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Salvia officinalis L.

Family : Labiatae


Sage (Salvia officinalis), a shrubby perennial herb of the mint, is native to southern European countries and is widely cultivated in gardens in most parts of the world. Sage was used by the ancient Greek and Romans as a medicinal herb. In the Middle Ages it was used to treat many diseases. Colonial Americans used sage both medicinally and as a culinary herb very frequently.


Sage is a variable evergreen perennial shrub, with strong taproot and square woody, branching stems. The plants grow to a height of about 2 feet and generally do not bloom until the second season. Whorls of violet-blue flowers appear in spikes in summer. The plant has large, finely toothed, elliptical leaves, ranging from 5 to 7 cm long. They are silver-grey to green velvety, or hairy to the touch.


Propagation may be from seeds, stem cuttings, or crown divisions. Seeds should be planted in a coldframe, window box, or prepared seedbed and the young plants transplanted when 2 or 3 inches high. Plants grown from seed are generally of mixed types; for this reason propagation by cuttings made from desirable plants or by layering is preferred. To induce bushy growth points of shoots are nipped off and this is renewed every 4-5 years as shrubs become leggy. Six to eight inches of the top growth can be cut from the plant about twice during the season. The leaves should be harvested before the plant blooms.

The tops may be tied in small bundles or spread on screens and dried in a well-ventilated room away from direct sunlight. If the leaves are dusty or gritty, they should be washed in cold water before drying. When they are thoroughly dry remove the stems and pack the clean dry leaves in paper bags or some other closed container.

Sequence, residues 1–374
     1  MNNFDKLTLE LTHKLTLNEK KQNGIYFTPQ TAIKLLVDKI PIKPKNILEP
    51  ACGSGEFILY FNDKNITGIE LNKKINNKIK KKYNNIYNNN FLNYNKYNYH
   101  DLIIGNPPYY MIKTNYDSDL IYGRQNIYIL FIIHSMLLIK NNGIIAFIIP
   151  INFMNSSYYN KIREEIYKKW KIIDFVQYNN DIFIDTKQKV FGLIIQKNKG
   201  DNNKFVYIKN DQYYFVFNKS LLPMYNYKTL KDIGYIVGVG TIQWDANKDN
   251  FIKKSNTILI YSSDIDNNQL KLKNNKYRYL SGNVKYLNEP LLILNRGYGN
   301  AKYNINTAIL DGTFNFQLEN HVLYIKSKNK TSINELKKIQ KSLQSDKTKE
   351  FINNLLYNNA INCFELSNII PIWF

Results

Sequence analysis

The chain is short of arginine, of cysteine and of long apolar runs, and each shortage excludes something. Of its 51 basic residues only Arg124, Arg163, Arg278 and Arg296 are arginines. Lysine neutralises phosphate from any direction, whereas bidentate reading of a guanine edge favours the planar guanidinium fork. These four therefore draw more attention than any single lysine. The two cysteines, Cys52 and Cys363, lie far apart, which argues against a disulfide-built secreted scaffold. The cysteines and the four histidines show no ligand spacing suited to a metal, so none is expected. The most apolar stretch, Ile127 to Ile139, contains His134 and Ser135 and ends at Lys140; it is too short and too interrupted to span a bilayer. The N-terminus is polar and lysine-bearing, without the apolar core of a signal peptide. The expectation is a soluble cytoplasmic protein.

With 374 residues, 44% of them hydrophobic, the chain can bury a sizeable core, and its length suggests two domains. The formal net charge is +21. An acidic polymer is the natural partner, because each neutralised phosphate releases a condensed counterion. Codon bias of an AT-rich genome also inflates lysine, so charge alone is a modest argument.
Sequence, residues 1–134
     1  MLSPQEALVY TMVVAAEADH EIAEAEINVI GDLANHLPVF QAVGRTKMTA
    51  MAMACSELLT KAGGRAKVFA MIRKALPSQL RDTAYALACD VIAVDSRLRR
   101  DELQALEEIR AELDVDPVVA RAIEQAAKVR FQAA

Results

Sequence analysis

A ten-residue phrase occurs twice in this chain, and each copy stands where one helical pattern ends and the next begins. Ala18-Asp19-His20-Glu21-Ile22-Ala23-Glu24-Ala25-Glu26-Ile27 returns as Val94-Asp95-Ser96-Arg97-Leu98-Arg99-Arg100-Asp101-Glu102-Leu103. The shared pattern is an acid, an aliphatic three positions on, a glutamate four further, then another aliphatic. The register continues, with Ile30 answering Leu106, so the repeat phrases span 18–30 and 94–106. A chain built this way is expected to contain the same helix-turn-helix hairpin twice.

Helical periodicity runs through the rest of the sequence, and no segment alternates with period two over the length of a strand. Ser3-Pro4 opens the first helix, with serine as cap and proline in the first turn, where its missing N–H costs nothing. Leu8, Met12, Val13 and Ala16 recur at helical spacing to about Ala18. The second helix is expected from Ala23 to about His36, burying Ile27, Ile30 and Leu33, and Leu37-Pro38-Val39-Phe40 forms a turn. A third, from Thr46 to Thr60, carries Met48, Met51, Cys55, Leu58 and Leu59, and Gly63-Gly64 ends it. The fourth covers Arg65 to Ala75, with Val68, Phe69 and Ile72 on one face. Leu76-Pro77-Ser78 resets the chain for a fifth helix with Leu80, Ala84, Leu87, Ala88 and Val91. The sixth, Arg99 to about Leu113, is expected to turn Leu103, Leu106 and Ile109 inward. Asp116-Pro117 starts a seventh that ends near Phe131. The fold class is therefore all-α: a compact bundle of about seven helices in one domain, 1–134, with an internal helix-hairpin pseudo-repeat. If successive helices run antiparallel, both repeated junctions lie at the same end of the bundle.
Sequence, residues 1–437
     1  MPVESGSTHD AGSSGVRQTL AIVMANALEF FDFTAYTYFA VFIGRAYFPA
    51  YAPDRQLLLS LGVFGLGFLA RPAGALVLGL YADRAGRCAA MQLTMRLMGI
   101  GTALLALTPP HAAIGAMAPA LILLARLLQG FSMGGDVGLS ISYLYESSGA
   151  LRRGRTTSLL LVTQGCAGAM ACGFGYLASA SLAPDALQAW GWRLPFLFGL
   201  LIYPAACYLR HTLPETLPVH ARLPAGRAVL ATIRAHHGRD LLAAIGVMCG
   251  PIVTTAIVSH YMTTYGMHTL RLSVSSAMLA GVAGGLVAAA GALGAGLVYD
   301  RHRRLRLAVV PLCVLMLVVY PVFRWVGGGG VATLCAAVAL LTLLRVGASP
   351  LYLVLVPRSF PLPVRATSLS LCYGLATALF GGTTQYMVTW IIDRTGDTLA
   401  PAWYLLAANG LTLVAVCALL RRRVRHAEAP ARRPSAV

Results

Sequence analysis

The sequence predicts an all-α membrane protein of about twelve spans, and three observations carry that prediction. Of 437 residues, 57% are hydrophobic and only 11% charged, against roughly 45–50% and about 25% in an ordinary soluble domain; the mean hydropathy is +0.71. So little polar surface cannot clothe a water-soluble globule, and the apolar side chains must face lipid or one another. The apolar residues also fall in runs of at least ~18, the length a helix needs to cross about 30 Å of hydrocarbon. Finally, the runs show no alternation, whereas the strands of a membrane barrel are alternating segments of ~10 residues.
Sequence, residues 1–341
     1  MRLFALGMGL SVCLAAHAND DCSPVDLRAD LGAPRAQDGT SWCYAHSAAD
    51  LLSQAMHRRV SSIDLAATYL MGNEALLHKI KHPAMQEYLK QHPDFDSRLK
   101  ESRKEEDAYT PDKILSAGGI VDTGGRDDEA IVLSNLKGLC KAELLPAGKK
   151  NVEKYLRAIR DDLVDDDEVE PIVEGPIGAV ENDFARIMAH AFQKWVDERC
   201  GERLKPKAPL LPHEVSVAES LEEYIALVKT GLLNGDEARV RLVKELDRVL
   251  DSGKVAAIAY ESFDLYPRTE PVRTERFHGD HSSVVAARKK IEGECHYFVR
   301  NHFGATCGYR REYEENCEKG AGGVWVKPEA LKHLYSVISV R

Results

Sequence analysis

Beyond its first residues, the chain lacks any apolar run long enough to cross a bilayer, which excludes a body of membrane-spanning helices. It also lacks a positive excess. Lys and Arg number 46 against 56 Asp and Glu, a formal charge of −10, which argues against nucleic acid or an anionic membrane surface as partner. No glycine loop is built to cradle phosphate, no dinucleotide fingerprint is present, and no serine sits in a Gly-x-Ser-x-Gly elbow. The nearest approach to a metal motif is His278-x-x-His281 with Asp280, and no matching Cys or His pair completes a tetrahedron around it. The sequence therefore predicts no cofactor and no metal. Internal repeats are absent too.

Sage contains about 1.5-2.5% volatile oil. Major components are thujone, borneol and cineole. It is available as an essential oil and oleoresin. The oleoresin contains 30 - 35% volatile oil.

Culinary use

Sage is a very popular herb generally used as a potent condiment for meat, fish, Mediterranean dishes, and as a base for sage tea. The powdered leaves rubbed on the outside of fresh pork, ham, and loin gives a flavor resembling that of stuffed turkey. The major flavour component of fresh pork sausage seasoning is sage. The extractives of sage are also utilized primarily in the processed meat industry.

Medicinal and other use

Sage is also known to have antioxidant and antimicrobial activity. Sage infusion is used to treat depression, nervous anxiety and liver disorders. Homeopathic preparations with it are given for circulation and menopausal problems. Leaves are also antiseptic, used in gargles for laryngitis and tonsilitis. They are good as a mouth freshner and tooth cleanser. Essential oil is used in perfumery.


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